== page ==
My rating: 2 of 5 stars
Lesson Learned: Don’t Always Trust the Review Stars
WARNING: We’re getting into craft territory, so spoilers ahead.
I’m glad I got this book for free, because had I paid for this book, I think I would have regretted buying it. The reviews on Amazon are mostly positive about this novel, and I can see why.
But overall, I can also see, to me, why I had a very different reaction to it.
What I Thought Didn’t Work Well
The basic gist of Land is that a class of Canadian students wins a field trip to Disneyland for their awesome test scores. Then an EMP goes off, rendering all electronic devices useless. No phones, no cars with electronic parts (cars without these electronic parts still work, though). This leaves the class with a choice: get back to Canada by land or by sea.
As you’d guess from the title, this novel details five teeange students—Alex, Quinn, Dara, Josh, and Cooper—who decided to go by land…
and how they have incredible luck on their journey.
For the first half of the novel, the five run into absolutely no problems. None. Thanks to the five thousand American dollars their teacher gives them, because she is conveniently one who prepares for apocalypse-type situations, a.k.a. a prepper, they buy bicycles, food supplies, and equipment. And they bike their first 60 miles without much of a problem. Then they encounter a dying old man who gives them their camper so they don’t have to bike.
Yet in the second half, they get caught by a biker gang, and things finally get interesting.
As a YA post-apocalyptic novel, I admit I came in with a bias of the setting being really cruel and harsh, and people turning on each other pretty quickly. This novel dashed those expectations, showing that there were good people willing to help out some teenager along with some pretty bad people that wanted to take advantage of them.
I don’t have a problem with my expectations being challenged. However, you’re telling me a story. I believe I would have found this world more compelling if I was kept more on my toes, and kept on my toes early on.
As a reader and writer, I’m more likely to forgive you if you have a really great story that’s riddled with typos and grammar problems than if you handed me a really bad story with no editing issues to speak of. Land as a story, and its formatting issues, make it difficult for me to forgive it.
Here is an example from the Kindle version I read:
Alex was watching her teacher impatiently, “Looks like Mr. Carter isn’t having much luck moving the class together and he’s going to each group and giving the schedule out,” Alex pointed out.
The first comma should be a period. The second comma should come after “together.” And the phrase “Alex pointed out” isn’t a dialogue tag, nor is it necessary, since she’s pointing something out with her dialogue. The whole thing is one big sentence when it shouldn’t be.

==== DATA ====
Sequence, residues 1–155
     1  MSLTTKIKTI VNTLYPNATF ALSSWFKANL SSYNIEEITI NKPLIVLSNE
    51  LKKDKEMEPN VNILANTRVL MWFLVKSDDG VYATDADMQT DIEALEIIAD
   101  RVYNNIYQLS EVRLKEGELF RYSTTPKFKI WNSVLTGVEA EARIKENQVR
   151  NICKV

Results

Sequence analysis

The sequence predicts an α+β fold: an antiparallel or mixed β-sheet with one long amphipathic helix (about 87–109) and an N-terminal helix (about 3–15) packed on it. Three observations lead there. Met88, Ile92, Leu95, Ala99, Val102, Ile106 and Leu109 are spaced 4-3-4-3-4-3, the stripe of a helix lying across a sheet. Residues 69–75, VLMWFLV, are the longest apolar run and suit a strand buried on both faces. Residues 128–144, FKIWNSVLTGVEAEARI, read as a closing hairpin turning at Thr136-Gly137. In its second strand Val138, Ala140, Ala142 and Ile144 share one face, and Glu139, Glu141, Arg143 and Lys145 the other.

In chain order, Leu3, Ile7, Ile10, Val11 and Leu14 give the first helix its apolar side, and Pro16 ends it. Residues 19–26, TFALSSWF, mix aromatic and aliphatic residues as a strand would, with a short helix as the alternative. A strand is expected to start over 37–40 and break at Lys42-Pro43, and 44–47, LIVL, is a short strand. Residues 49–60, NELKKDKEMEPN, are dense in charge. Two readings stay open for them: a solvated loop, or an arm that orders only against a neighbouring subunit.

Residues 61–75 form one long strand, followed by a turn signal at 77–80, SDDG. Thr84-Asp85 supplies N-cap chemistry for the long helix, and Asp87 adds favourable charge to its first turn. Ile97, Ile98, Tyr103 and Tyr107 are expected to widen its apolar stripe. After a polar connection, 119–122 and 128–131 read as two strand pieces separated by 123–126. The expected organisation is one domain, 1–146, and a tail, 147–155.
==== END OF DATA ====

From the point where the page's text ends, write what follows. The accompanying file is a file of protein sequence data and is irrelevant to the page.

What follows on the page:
There are also so many moments where I’m told by the writer what is going on when it would be much stronger if the characters brought it up on their own. By telling me what the effect is supposed to be, the effect is downplayed.
This comes up a lot in terms of the characters.
Alex is the character we follow the most throughout the book. The main thing that sets her apart from the other characters is that she has an unwavering desire to protect children, after volunteering in the hospital with them. And that’s completely awesome. Yet halfway in the novel, it shifts to a flashback involving Quinn and how his parents died and how his current companions helped him out of that rut.
And the language to describe that moment of recovery feels so obvious:
That summer, Quinn’s new friends slowly pulled him back to life. They filled a part of the void that his parents had left in his heart
For one, it felt out of place. And second, I’d much rather that the ending part of the flashback, with the pretty bow, not be there. Let the story stand on its own. Let the characters show how they helped Quinn recover.
What I Thought Worked Well
I have to admit that most of the characters were well constructed and unique. I wanted to see more of an arc for the characters, but that might be because Land is a part of a series, and I don’t get to see all of what happens.
Still, Land had both stylistic and structural issues—a double whammy in my book.
I don’t completely hate this book, but I don’t love it either. I can see why people like it, and I really wanted to give this three stars, but I can’t. Analyzing it on a craft standpoint, I find it a hard push for that extra half a star.